AEP Legislative Update June/July 2022

Good morning AEP Members,

We are nearing the end of another Legislative Session in Sacramento.  Beginning July 1, the Senate and Assembly are on a month-long recess before returning for the final stretch on August 1.  Session must end by August 31 at midnight, pursuant to the State Constitution.  Before taking their break, however, the Legislature was quite busy.  Democratic Leadership among the “Big 3” reached a deal on the State Budget.  The Governor, Senate and Assembly were able to draft and pass a new budget before the June 30 fiscal deadline that totals over $300 billion, beating last year’s record setting budget.  However, with the potential for recession and a lack of federal stimulus dollars in the coming years, the budget deal limited ongoing funding obligations and set aside additional money for the rainy day fund.  The budget deal includes $19 billion for climate and energy, but the majority of the funding has not yet been allocated to specific programs.  There will be several trailer bills in August to determine how to allocate this funding.

As usual, the budget deal did not just include funding, but also included numerous policy changes that implement the programs being funded.  SB 205, one of these trailer bills, created numerous new energy programs in an attempt to boost grid reliability in the face of expected energy shortfalls over the next several summers.  Along with directing DWR to procure resources, including new and existing fossil fuel resources, the bill created an alternative permitting process for large renewable energy, storage and transmission projects.  The new process will be housed at the California Energy Commission (CEC), who will also serve as the lead agency for projects that elect to use this process.  The major feature of this alternative permitting process is that it would serve as an alternative to any local permit and would eliminate the need for any local approvals.  Exempt as provided in the bill, the CEC would be required to prepare an EIR for each project.

In addition to being the deadline to pass a balanced budget, June 30 was also the last day for bills to be passed from policy committees in their second house or be dead for the year.  The AEP Legislative Committee is also monitoring numerous CEQA-related bills in the Legislature that had varying fates ahead of this deadline. 

One such bill was SB 33 (Cortese), which was gutted and amended in June.  The bill, which was being pushed by the State Building and Constructions Trades Council, would have stated that the statute of limitations would not begin to run for a project until the lead agency had delivered notice to any individual who had requested notice.  The bill was in response to the Organizacion Comunidad De Alviso v. City of San Jose decision, which held that the statute of limitations does not wait until notification has been provided to all who requested it.  However, the bill was not set for a hearing before the June 30 deadline and will not move forward this year.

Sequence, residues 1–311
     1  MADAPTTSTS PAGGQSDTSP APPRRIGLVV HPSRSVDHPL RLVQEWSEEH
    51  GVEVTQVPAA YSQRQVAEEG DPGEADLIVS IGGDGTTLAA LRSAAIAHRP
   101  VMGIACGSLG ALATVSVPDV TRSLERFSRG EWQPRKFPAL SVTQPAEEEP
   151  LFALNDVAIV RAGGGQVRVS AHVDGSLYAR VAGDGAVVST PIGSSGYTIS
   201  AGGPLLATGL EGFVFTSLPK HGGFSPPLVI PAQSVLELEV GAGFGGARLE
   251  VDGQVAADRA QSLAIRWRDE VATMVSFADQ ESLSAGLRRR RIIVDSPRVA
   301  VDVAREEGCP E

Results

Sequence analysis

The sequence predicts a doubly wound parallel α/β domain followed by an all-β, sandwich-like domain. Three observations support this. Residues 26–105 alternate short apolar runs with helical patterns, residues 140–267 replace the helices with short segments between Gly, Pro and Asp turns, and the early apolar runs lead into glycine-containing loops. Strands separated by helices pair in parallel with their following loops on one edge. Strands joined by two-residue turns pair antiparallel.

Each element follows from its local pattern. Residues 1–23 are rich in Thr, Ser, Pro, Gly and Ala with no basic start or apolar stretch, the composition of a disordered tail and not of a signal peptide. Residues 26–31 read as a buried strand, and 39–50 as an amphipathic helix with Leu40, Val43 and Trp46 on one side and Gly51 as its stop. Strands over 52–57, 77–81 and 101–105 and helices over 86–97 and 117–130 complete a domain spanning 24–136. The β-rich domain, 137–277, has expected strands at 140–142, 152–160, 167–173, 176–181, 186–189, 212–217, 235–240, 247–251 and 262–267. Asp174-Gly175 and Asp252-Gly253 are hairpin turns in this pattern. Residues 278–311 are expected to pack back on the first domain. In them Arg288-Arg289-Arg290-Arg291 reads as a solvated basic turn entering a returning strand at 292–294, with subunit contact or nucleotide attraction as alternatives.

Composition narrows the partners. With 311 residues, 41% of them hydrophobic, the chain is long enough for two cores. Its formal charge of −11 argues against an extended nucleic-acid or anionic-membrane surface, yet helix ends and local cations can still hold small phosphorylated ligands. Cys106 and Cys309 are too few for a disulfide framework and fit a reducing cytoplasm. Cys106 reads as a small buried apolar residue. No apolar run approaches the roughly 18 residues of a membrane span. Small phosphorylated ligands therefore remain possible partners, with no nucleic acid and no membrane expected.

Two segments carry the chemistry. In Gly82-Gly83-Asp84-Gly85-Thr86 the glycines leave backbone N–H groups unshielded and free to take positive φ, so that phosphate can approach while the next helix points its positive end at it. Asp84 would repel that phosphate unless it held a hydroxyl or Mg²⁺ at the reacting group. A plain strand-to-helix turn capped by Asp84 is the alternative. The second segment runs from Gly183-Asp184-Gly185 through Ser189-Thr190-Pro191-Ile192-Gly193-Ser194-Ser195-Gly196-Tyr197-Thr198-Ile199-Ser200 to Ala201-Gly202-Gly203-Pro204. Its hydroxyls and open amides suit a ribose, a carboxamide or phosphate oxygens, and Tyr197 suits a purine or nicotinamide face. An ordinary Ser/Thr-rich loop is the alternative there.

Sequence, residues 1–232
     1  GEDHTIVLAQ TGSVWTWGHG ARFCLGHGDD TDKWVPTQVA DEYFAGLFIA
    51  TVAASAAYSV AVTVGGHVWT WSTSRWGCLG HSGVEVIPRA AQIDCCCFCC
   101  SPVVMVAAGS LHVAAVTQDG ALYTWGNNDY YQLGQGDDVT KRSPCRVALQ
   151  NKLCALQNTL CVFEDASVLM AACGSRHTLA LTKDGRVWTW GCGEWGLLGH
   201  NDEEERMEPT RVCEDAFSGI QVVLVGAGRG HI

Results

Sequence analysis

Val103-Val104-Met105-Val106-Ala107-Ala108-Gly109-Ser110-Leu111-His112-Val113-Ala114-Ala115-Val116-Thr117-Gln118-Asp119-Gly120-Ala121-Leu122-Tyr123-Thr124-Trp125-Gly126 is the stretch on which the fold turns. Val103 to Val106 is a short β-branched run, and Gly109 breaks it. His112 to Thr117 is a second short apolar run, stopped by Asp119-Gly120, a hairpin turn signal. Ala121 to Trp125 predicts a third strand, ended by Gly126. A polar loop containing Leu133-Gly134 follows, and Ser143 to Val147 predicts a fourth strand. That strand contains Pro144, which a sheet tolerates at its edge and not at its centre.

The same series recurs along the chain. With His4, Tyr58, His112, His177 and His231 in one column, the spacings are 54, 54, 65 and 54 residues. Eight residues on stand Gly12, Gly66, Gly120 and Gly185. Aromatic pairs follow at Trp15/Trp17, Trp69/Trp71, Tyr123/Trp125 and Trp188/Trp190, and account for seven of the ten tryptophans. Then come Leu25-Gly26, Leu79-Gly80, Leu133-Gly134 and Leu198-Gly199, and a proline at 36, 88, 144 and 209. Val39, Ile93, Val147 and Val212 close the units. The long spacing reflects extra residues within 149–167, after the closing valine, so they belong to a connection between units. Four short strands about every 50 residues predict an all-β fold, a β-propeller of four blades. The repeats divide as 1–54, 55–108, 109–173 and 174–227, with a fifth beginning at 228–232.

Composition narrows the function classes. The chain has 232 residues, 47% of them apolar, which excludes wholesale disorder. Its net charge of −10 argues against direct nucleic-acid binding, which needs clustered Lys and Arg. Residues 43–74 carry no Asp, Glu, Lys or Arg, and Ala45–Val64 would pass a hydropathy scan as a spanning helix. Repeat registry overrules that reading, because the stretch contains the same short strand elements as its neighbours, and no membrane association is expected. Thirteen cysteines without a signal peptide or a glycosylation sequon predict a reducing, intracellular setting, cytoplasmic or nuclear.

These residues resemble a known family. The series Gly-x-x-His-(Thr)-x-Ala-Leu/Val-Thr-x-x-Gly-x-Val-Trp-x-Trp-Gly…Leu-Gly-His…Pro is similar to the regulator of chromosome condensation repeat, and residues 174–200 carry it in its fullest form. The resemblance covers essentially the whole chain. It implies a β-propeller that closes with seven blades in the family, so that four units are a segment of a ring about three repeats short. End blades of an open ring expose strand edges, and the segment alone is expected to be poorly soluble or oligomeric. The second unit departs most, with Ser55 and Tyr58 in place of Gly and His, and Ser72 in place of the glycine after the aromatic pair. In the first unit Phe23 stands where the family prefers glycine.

AEP was also involved with AB 1001 (C. Garcia), which would have required air quality mitigation to be done in any impacted disadvantaged community and would have added some environmental justice consideration into CEQA.  AEP offered suggested language to resolve some concerns with how the bill would be implemented, but the bill ended up stalling due to significant opposition from the business and developer communities.

AEP is also watching AB 2011 (Wicks), which would create a CEQA exemption for 100% affordable housing projects built on land zoned for commercial development if certain conditions are met.  The bill is set to be a significant battle in August, with developers, housing advocates, and some labor unions supporting the bill while other labor unions and local governments oppose it.  The bill is in the Senate Appropriations Committee.

SB 1410 (Caballero) would have rolled back the requirement to use a VMT analysis to assess transportation impacts pursuant to SB 743 and would have replaced it with a LOS analysis for any housing project outside of a transportation priority area.  However, in the Assembly, the bill was amended to just direct OPR to study the impacts of the VMT requirement and to provide grants for local governments to implement guidelines.  The bill awaits a vote in the Assembly Appropriations Committee in August.

Finally, we are watching two bills by Senator Wiener.  SB 886 would exempt from CEQA student housing and worker housing projects built by colleges and universities on campus property.  Sen. Wiener is primarily focused on trying to help address housing affordability for students and faculty.  SB 922 would extend and expand the exemptions from SB 288 for both planning and projects related to advanced transportation, bicycle transportation, transit prioritization, and other similar projects.  SB 288 is awaiting a vote in the Assembly Appropriations Committee and SB 922 is on the Assembly Floor.

Despite rising case numbers in California and in the Capitol, no new restrictions have been put in place for public participation.  Some committees have ended remote testimony and require all participants to be in person, while others continue to allow remote testimony.  The final month of the Legislative Session is certain to be an interesting one as several legislators have had to miss floor sessions due to COVID exposures or positivity over last month.